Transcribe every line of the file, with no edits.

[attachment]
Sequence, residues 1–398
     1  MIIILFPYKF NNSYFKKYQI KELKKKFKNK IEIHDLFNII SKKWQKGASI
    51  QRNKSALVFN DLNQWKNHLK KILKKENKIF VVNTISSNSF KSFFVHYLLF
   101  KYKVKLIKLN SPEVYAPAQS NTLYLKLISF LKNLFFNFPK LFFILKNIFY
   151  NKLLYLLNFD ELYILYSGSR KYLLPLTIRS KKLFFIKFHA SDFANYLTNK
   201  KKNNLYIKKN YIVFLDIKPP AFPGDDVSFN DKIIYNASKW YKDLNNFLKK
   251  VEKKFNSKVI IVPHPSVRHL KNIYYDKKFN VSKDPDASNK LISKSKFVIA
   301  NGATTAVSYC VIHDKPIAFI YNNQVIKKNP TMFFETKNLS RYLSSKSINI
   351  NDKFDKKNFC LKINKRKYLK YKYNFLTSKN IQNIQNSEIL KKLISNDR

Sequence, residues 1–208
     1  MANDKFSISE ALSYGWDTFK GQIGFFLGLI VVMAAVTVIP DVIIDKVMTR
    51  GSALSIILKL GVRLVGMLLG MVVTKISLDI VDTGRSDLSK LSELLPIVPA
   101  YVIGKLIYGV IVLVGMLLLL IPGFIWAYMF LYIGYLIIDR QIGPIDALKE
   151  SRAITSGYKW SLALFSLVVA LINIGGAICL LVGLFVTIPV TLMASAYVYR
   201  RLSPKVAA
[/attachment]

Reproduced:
Sequence, residues 1–398
     1  MIIILFPYKF NNSYFKKYQI KELKKKFKNK IEIHDLFNII SKKWQKGASI
    51  QRNKSALVFN DLNQWKNHLK KILKKENKIF VVNTISSNSF KSFFVHYLLF
   101  KYKVKLIKLN SPEVYAPAQS NTLYLKLISF LKNLFFNFPK LFFILKNIFY
   151  NKLLYLLNFD ELYILYSGSR KYLLPLTIRS KKLFFIKFHA SDFANYLTNK
   201  KKNNLYIKKN YIVFLDIKPP AFPGDDVSFN DKIIYNASKW YKDLNNFLKK
   251  VEKKFNSKVI IVPHPSVRHL KNIYYDKKFN VSKDPDASNK LISKSKFVIA
   301  NGATTAVSYC VIHDKPIAFI YNNQVIKKNP TMFFETKNLS RYLSSKSINI
   351  NDKFDKKNFC LKINKRKYLK YKYNFLTSKN IQNIQNSEIL KKLISNDR

Sequence, residues 1–208
     1  MANDKFSISE ALSYGWDTFK GQIGFFLGLI VVMAAVTVIP DVIIDKVMTR
    51  GSALSIILKL GVRLVGMLLG MVVTKISLDI VDTGRSDLSK LSELLPIVPA
   101  YVIGKLIYGV IVLVGMLLLL IPGFIWAYMF LYIGYLIIDR QIGPIDALKE
   151  SRAITSGYKW SLALFSLVVA LINIGGAICL LVGLFVTIPV TLMASAYVYR
   201  RLSPKVAA